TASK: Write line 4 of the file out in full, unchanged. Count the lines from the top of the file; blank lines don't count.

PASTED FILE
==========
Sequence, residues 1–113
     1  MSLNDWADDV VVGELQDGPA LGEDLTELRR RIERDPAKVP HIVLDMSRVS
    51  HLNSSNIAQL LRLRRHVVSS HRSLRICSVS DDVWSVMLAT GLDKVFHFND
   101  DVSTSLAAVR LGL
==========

   101  DVSTSLAAVR LGL